In this part of the series (Part 1; Part 2) I will be discussing another major piece of the social media for business puzzle. We have lots of businesses that approach us “wanting to do social.” Here is the thing, a business will never be successful at the use of social technologies to achieve business objectives unless the business first becomes a social business.
That is often not what those wanting to “do social” want to hear and it’s at this point where the separation happens between those who are truly serious about doing this right and those who just want to “add social” and then tick that box. It comes as a huge surprise to many that “doing social” has nothing to do with Facebook Pages, Twitter Accounts and viral YouTube videos!
Becoming a social business requires a cultural shift inside the organization and that is the hard part. Once that bridge is crossed, once everything has been put in place to create that shift, the rest pretty much falls into place and you can begin thinking about “doing social” primarily because you now are social. For emphasis: you can’t successfully use social technologies without first becoming a social business.
In my experience a giant leap in the right direction is made when a business breaks its reliance on email as the primary means to communicate internally. So a good place to start is to introduce collaboration software into your work flows. In our case we use Yammer extensively. Basically this provides a real-time communication environment which allows us to collaborate and share information much more efficiently than with email. (Another very good example of this kind of software is Salesforce’s Chatter.)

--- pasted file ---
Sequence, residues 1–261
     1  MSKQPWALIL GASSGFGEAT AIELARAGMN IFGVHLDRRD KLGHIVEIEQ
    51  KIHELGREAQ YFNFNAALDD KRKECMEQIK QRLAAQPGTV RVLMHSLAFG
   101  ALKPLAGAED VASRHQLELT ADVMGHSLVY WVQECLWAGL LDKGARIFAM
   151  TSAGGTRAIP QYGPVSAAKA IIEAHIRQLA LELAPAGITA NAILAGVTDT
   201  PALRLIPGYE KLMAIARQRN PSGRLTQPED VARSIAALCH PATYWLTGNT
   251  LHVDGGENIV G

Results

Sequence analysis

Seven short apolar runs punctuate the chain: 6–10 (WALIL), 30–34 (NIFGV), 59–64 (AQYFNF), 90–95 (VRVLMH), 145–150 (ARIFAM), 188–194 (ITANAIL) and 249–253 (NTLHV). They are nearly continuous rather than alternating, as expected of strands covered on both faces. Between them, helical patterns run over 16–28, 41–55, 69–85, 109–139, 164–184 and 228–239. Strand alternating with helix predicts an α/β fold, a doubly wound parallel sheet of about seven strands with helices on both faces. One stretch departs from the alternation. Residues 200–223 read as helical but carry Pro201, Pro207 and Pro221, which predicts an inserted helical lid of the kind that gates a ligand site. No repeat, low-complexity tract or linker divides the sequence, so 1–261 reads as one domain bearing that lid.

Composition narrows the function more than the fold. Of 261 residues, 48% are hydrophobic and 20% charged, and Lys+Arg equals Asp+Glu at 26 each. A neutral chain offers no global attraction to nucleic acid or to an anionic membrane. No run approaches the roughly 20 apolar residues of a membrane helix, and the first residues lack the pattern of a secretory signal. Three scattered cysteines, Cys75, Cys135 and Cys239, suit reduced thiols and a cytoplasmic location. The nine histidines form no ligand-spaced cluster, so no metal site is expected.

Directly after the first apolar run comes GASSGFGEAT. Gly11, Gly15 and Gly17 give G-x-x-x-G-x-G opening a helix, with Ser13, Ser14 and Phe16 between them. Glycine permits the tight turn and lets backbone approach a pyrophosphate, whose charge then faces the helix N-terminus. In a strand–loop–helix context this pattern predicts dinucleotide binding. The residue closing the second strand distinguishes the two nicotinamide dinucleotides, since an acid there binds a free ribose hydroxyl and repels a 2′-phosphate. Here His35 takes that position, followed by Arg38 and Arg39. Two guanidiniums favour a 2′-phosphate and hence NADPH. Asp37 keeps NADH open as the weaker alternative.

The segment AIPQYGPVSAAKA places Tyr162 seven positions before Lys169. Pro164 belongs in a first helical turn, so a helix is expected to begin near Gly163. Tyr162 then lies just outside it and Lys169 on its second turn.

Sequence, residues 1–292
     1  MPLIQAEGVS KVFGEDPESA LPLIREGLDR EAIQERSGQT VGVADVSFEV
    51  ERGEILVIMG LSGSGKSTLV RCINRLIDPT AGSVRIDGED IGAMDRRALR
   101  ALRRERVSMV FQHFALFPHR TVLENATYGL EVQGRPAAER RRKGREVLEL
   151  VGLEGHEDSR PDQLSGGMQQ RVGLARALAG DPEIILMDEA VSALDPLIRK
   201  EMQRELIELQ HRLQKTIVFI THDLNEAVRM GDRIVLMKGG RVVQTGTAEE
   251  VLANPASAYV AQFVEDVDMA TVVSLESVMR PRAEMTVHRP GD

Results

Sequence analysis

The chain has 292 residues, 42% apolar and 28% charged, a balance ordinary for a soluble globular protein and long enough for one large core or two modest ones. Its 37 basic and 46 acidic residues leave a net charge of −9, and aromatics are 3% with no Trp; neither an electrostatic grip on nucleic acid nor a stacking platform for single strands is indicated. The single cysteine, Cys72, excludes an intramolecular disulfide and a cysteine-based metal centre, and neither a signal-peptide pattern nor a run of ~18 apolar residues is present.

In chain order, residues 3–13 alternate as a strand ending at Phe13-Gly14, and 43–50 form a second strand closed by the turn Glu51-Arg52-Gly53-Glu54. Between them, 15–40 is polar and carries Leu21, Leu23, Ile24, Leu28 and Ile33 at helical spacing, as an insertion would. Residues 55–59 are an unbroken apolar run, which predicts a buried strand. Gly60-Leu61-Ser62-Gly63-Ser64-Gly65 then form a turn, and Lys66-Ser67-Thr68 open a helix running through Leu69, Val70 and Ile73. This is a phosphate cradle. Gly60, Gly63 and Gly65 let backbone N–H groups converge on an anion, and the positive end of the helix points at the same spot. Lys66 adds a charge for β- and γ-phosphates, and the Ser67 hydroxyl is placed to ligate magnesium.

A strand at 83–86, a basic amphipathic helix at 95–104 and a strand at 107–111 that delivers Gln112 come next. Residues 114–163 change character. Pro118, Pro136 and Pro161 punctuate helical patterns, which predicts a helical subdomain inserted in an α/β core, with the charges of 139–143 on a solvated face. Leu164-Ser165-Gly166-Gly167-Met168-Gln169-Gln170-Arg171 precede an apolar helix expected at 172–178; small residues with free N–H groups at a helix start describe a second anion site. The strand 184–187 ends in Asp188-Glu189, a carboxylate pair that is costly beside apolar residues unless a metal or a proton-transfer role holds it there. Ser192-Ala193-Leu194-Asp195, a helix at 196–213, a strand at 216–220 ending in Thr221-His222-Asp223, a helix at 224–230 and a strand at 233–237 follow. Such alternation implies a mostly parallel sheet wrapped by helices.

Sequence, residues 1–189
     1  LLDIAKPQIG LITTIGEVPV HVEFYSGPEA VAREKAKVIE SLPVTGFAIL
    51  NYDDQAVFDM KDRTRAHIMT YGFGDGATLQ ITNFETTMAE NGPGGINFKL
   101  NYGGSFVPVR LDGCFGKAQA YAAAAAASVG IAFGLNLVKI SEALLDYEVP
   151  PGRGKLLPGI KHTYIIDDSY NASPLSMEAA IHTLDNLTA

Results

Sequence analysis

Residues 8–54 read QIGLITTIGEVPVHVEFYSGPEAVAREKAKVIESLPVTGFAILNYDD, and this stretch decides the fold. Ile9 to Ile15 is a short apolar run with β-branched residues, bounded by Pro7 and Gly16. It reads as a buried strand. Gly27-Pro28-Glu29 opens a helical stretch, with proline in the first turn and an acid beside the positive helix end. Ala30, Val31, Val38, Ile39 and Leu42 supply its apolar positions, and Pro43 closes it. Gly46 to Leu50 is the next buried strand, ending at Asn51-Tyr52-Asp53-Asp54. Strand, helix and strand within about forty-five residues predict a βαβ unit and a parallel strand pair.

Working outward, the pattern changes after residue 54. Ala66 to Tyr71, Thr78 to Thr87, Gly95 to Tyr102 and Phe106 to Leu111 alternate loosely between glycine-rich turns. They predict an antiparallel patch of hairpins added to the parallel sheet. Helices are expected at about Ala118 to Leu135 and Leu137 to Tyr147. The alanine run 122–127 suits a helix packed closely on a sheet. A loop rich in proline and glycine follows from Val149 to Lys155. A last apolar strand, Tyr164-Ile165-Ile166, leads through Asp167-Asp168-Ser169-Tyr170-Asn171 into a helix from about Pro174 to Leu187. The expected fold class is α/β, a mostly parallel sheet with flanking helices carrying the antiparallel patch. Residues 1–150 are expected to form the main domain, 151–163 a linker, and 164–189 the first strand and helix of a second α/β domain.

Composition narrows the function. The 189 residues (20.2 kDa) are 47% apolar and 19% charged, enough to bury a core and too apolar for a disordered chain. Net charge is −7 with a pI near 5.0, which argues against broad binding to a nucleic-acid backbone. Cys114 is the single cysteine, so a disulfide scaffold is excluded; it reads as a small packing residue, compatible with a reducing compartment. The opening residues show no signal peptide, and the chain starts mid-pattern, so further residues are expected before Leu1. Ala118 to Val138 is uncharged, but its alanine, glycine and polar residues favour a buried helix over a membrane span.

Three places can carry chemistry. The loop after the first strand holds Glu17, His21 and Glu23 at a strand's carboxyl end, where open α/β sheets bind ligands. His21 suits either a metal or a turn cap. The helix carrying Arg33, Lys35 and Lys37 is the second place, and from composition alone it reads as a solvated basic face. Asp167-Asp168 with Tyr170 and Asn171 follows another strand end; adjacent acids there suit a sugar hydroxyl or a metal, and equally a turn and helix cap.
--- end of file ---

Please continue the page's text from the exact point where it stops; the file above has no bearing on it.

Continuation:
Getting your team comfortable to communicate internally in real-time is an important step in the right direction. Research has, however, shown that companies that successfully use social media have also done the following before turning on an external social presence:
- Created social media policies that protect the company and allow employees to participate on social networks responsibly
- Put a clearly defined process in place to ensure real-time responses to inbound communication
- Developed an ongoing education programme to ensure teams stay up-to-date in a rapidly changing environment, and
- Put in place a Social Media Team who’s responsibility it is to make sure that what the business does is properly co-ordinated both internally and externally and that policies and guidelines are adhered to and that the whole initiative keeps moving the business closer to its objectives.
The complexity of this whole process is often underestimated. Changing a culture and doing the necessary preparatory work and training cost time and money. The benefits of giving this due diligence will pay off and will minimise the risks associated with social media in a business setting.
In Part 4 I will discuss the next piece of developing a social media strategy for your business which is developing what I like to call a “Listening Room.”
Peter du Toit
Peter is the co-founder of Social Media IQ, a social media strategist, exceptional speaker and certified coach who specialises in developing social media strategies for companies in order for them to stay relevant in this fast changing world.